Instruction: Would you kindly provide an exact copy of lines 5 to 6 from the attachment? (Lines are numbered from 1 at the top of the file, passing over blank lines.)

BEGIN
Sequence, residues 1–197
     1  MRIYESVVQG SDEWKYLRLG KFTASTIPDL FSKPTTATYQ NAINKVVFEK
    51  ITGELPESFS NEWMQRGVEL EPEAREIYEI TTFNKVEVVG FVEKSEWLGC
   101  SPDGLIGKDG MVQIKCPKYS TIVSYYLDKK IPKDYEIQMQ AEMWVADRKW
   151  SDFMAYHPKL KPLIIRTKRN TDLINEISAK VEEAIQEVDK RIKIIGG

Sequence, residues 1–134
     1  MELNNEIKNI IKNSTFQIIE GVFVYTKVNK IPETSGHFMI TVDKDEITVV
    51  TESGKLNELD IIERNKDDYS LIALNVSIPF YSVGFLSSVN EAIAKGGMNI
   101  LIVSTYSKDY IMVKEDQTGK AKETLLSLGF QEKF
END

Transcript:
   151  SDFMAYHPKL KPLIIRTKRN TDLINEISAK VEEAIQEVDK RIKIIGG

Sequence, residues 1–134